Fraher Architects gives a London building dated to 1870 a clean makeover.
Getting permission to renovate a historically listed townhouse in London can be trying. Fraher Architects spent months meeting with planning officials before they were given the okay to do “something more than a pastiche of the existing building,” architect Elizabeth Webster says. But the waiting paid off: the formerly dark and disjointed 19th-century residence now lights up the neighborhood at night, thanks to a unique “lantern” window that delineates the new construction.
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A tall and narrow window separates the new brickwork from the historic building, making its lines and profile clearly understandable.
“The building was essentially rebuilt from the inside out,” Webster says. Workers gutted the 1,916-square-foot residence down to its brick shell, expanding it downward and outward to reach 3,208 square feet.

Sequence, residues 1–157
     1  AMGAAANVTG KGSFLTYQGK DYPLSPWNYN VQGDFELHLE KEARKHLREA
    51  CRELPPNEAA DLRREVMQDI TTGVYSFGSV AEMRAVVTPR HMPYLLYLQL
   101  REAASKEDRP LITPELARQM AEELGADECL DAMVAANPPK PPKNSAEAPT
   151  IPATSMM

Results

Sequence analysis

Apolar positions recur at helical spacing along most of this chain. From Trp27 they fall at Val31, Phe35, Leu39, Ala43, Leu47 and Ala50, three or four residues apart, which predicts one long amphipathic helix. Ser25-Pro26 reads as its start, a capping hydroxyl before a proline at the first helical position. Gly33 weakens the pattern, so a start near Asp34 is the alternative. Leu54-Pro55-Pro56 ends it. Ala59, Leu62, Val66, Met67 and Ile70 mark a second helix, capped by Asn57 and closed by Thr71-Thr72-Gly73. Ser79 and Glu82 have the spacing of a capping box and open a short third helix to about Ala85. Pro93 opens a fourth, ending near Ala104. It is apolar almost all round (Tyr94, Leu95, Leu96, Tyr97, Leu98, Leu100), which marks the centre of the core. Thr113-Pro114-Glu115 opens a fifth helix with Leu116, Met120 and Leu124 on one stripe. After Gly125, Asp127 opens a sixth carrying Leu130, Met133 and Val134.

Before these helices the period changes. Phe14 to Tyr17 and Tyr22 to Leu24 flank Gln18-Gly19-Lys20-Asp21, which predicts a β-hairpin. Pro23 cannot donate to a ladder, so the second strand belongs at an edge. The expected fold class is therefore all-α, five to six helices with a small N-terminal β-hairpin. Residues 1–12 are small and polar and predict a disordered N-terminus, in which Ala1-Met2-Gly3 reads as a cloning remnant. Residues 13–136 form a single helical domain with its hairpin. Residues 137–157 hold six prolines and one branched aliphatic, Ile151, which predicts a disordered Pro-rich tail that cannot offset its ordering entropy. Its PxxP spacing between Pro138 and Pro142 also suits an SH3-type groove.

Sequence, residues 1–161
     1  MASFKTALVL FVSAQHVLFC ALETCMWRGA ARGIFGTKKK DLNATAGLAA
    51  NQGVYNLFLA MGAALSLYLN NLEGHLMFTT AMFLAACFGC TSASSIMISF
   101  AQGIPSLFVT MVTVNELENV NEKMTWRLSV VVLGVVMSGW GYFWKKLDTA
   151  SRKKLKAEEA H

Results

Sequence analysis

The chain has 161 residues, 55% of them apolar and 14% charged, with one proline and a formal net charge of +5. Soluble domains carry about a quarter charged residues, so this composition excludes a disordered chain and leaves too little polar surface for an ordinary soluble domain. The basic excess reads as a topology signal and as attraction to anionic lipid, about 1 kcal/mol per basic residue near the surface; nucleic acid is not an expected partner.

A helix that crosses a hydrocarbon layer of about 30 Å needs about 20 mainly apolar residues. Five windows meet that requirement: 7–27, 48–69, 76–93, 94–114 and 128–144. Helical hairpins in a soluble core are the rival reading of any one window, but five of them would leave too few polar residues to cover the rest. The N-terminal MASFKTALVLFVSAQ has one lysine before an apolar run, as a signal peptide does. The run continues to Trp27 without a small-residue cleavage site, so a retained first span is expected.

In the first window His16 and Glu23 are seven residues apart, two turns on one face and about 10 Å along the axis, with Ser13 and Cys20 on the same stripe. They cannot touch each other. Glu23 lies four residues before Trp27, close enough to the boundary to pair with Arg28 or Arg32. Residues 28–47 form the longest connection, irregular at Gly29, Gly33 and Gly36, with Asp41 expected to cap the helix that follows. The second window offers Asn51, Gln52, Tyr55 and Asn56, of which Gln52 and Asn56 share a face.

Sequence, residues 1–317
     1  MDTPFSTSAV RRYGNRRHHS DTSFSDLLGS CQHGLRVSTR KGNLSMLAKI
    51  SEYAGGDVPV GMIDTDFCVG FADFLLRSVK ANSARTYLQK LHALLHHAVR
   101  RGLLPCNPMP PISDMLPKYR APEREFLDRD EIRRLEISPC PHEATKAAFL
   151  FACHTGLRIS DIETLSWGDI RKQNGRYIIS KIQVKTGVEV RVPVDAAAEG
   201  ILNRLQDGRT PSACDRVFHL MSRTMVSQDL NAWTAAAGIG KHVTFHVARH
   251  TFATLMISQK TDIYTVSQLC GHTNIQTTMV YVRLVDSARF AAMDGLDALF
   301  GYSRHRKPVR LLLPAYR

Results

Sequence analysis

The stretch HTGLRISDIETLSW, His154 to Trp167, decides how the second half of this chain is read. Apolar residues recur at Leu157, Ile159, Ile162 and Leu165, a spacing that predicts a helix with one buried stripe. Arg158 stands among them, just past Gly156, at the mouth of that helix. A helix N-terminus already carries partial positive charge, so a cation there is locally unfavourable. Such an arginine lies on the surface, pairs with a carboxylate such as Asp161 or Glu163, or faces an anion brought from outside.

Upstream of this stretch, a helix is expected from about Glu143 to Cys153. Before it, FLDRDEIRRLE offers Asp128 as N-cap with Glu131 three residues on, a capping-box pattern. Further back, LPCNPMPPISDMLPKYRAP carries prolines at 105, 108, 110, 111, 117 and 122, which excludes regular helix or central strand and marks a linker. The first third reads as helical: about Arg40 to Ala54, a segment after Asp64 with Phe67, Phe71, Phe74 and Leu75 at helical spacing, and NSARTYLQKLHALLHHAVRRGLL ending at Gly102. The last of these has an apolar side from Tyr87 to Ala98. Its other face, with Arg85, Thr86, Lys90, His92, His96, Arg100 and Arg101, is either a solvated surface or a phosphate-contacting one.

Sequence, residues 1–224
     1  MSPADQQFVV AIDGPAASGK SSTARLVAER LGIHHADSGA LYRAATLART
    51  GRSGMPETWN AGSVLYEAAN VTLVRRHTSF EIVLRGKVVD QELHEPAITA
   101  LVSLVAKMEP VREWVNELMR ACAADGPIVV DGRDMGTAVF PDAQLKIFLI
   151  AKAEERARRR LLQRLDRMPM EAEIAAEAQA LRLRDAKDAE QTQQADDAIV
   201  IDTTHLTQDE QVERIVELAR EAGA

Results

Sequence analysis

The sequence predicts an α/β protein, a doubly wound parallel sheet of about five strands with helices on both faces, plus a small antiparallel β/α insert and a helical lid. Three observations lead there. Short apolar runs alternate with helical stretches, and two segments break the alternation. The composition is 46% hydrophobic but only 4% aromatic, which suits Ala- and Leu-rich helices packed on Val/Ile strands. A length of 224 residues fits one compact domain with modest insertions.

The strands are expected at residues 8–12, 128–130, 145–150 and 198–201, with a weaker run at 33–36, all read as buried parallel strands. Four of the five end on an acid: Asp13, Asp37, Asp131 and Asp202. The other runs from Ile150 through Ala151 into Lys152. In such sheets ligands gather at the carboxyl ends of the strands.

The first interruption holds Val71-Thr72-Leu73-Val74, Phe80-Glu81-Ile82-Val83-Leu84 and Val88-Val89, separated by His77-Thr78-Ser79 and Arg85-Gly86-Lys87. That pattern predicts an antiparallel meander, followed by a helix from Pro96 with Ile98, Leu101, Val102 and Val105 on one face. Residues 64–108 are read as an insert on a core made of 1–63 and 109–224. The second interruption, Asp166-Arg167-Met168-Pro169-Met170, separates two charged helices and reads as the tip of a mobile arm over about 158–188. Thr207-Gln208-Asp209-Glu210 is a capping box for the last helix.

The formerly dark basement kitchen now feels much lighter, thanks to the addition of white oak floor boards, bright plaster walls, and floor-to-ceiling windows that let in garden views.
Fraher’s in-house joinery company designed the kitchen cabinets. The majority of the furniture — including the dining table and chairs — is Ligne Roset.
The architects replaced the original, carpeted stairway with one built from black walnut. “[The goal] was to mirror a large tree that had to be felled in the garden before the project started,” Webster explains. “The staircase rises up through the building, with the branches being the landings that reach out to the different rooms.” Tom Dixon lights hang at the center of the stairs.
The base of the stairwell includes a hidden compartment to conveniently store shoes.
Fraher and Co designed the shelving to lighten in tone as one ascends through the house. It moves from black walnut to lighter oak to wood that's painted white.
Light wooden storage cabinets line the walls of the upper bedrooms.
At night, the house’s unique windows glow brightly, much like a lantern.